On January 29, 1891, the USS Charleston appeared in Honolulu Harbor on Oʻahu and quickly dispatched a message to the shore, informing Liliʻuokalani, then acting as regent during her brother King Kalākaua’s absence, that the king was dead. The Charleston had brought his body home from California. That afternoon, Liliʻuokalani would ascend to the throne as Hawaiʻi’s new queen. She was stepping into this role with her power and authority already under threat by a white male oligarchy that had steadily been chipping away at Hawaiian sovereignty throughout her brother’s reign. [1] Reflecting upon this moment seven years later, Liliʻuokalani said, “I was so overcome by the death of my dear brother, so dazed with the suddenness of the news which had come upon us in a moment, that I hardly realized what was going on about me, nor did I at all appreciate for the moment my situation.” [2] This moment would be commemorated in both words and images, including an accession photograph showing Queen Liliʻuokalani seated in state. This photograph presents Liliʻuokalani as regal and confident, and dressed in royal finery. It was tied to Hawaiʻi’s international relations, representing the monarchy’s sovereign right to rule for local and global audiences. This was particularly important given European and American interests in gaining political and economic control over the kingdom because of its strategic location in the Pacific.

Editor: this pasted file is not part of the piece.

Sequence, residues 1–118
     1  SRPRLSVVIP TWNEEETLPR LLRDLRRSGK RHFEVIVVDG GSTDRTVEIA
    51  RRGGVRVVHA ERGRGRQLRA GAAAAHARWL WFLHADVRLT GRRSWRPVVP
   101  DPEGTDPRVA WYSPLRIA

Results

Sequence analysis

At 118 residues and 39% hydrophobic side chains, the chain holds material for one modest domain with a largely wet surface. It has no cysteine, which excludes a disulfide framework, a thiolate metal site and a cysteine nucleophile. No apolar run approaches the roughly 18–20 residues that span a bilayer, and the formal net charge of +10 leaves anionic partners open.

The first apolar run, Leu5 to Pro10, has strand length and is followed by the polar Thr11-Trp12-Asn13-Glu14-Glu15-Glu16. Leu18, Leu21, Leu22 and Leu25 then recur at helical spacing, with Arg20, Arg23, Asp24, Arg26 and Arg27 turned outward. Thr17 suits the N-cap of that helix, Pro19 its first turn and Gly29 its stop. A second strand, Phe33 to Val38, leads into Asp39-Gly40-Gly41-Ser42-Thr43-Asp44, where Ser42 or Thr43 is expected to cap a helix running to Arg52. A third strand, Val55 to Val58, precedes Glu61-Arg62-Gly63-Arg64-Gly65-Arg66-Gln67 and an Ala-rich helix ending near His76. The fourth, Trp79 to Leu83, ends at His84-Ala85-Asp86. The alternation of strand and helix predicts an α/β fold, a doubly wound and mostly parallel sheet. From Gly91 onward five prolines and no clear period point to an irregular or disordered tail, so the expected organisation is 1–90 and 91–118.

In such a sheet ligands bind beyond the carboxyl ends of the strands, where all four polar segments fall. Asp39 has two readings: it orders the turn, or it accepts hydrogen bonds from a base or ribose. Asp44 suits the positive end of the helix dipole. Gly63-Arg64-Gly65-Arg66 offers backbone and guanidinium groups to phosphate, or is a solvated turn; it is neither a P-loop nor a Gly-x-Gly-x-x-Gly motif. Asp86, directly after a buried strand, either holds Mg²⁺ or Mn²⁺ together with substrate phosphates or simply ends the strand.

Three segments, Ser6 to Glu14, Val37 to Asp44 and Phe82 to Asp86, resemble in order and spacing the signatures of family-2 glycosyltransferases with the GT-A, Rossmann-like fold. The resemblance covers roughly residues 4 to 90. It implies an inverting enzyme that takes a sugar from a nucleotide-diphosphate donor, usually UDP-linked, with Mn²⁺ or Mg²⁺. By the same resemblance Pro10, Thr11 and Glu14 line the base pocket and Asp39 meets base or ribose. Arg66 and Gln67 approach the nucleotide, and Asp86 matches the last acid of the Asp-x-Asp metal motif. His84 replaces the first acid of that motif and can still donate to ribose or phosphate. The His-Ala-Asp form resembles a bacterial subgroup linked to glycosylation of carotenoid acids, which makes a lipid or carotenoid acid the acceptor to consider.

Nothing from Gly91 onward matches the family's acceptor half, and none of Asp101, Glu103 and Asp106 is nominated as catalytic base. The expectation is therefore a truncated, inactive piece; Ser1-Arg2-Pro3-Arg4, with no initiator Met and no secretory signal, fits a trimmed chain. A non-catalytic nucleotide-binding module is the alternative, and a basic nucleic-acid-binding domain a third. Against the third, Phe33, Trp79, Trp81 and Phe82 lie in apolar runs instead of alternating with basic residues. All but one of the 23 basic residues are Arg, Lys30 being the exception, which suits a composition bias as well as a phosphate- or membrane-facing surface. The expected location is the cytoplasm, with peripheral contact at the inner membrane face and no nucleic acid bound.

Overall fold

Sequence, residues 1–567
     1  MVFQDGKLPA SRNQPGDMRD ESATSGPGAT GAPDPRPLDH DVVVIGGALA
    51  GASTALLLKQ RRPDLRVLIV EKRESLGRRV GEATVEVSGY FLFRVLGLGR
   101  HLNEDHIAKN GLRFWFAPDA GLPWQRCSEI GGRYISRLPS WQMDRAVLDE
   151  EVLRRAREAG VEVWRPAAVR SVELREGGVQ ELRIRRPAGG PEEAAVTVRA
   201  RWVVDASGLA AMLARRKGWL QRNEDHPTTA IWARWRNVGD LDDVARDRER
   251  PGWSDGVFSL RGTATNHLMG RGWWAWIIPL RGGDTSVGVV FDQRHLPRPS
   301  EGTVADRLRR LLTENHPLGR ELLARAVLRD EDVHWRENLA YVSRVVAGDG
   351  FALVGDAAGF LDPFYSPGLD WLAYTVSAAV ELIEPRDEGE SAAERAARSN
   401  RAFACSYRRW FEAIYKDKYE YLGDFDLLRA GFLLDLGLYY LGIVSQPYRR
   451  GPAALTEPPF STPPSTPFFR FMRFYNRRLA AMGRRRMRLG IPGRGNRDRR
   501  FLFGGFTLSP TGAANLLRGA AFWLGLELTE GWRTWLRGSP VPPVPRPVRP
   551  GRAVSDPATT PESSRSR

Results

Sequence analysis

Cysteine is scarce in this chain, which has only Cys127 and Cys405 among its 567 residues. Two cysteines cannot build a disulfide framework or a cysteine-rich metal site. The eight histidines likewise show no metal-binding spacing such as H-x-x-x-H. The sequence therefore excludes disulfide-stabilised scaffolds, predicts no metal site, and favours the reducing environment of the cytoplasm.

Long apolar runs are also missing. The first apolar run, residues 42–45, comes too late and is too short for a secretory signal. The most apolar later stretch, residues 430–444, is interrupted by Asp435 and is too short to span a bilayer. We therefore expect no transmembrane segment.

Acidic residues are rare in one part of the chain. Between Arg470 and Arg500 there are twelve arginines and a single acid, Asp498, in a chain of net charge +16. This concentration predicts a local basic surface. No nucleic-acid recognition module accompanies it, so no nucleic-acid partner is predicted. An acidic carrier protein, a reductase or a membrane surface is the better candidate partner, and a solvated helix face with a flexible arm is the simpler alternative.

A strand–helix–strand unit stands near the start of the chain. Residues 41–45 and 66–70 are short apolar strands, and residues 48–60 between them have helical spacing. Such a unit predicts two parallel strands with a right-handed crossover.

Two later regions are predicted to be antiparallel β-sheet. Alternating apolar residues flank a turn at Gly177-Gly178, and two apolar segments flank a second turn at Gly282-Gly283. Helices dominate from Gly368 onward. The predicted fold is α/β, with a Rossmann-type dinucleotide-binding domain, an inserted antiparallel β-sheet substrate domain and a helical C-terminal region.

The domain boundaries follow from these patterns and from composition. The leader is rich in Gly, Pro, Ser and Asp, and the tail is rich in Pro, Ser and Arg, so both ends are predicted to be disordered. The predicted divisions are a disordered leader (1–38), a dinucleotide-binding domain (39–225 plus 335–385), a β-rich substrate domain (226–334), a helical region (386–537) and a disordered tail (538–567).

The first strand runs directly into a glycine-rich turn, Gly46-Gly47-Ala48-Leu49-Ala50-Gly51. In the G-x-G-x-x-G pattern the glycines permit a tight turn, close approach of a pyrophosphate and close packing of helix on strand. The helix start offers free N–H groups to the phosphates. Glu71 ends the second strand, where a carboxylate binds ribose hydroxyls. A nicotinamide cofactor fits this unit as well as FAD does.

Originally published on Smart History, June 22nd 2021. Click here for full article.